If you design newsletters, flyers, brochures, or other graphic documents in Word, you can now add web photos and videos directly to a Word document. To add a video, choose Online Video from the Insert tab of the ribbon. This opens the search tools for Bing Video or YouTube in Word without needing to switch between Word and your internet browser. And, if you already have a video in mind, just paste the embed code. Keep in mind that these videos will only play when your computer is connected to the internet.
9. Access the cloud
Like other programs in the new Office suite, Word 2013 is cloud-connected whenever you’re online. OneDrive, Microsoft’s cloud-based file storage service, is integrated with Word and is now the default backup location. (You can also change the default to save locally on your computer.) After you upload files to OneDrive or SharePoint, they’re available for you or your colleagues to view or edit online from various devices.
The new Office Presentation Service in Office 2013 is a way to present Word documents online. You must be signed in to your Microsoft account to use this feature. Once everyone is logged into the service, which is run through the Microsoft Word web application, they will be able to follow the presentation of the document. The interface supports comments made during the presentation, and attendees can create a printable and downloadable PDF of the document.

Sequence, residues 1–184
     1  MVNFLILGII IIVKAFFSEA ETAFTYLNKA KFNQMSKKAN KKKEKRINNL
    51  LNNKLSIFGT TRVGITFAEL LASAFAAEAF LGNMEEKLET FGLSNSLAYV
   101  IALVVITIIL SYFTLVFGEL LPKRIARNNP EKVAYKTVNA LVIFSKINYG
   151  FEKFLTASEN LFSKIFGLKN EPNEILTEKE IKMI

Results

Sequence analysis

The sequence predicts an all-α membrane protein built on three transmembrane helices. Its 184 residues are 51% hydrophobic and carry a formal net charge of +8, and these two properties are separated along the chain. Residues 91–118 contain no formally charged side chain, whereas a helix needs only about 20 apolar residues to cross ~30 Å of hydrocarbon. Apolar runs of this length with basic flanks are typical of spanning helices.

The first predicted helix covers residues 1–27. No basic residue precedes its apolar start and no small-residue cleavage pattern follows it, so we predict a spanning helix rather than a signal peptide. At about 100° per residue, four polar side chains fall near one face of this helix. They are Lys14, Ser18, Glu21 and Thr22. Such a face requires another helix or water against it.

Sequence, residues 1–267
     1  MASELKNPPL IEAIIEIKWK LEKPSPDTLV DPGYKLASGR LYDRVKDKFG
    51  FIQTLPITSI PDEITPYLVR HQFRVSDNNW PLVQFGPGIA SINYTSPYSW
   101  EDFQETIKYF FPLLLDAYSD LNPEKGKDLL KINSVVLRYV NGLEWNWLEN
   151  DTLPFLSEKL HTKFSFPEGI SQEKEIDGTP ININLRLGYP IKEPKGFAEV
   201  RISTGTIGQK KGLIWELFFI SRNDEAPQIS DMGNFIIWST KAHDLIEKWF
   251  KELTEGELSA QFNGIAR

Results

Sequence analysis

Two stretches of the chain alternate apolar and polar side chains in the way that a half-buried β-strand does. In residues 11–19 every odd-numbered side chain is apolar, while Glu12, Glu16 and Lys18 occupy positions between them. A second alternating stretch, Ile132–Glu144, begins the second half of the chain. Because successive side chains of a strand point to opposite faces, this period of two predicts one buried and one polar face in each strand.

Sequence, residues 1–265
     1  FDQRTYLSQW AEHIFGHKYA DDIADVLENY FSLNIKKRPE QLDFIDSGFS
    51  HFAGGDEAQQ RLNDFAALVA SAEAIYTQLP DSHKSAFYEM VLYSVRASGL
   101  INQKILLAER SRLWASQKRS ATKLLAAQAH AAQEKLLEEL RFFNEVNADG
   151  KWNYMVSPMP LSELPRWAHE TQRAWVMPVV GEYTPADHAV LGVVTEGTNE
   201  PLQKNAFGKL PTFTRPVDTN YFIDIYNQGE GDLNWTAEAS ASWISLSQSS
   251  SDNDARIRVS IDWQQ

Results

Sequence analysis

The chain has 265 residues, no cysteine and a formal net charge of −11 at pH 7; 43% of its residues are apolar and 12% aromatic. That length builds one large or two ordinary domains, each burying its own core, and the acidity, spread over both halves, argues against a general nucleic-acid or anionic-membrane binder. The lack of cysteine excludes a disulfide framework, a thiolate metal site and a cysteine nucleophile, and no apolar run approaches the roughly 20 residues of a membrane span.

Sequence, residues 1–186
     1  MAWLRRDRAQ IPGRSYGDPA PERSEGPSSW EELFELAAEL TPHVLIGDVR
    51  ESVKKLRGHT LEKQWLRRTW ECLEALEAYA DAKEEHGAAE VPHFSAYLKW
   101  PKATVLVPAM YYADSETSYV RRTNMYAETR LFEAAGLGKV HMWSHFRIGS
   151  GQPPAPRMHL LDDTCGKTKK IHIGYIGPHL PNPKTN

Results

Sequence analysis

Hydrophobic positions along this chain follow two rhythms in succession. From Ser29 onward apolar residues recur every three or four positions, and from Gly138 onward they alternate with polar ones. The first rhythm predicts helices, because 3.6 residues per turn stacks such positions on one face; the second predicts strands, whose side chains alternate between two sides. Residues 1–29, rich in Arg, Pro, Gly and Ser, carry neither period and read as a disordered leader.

10. Touchscreen functionality
Microsoft Word 2013, as well as the entire Office suite, is designed for touch screens. A touchscreen isn’t required for Word, but if you’re using it on a Windows tablet or touchscreen monitor, you’ll find navigation is simple and straightforward. Tap images or graphics to zoom or scroll through a document with your finger or a stylus. Tap and hold (the touch version of right-clicking with your mouse) on a word and see different options like font, synonyms, etc. Expand or collapse sections of a document by tapping on them. Double-tap with your finger to zoom in and make your document’s tables, charts, and images fill the screen. To continue reading and zoom out, tap or click outside the object again.
With features that make your daily work easier, there’s a lot to like about the new Microsoft Word 2013. options and tools behave like previous versions of Word. You’ll soon discover that Word is more flexible than ever, allowing you to work more efficiently and from virtually anywhere.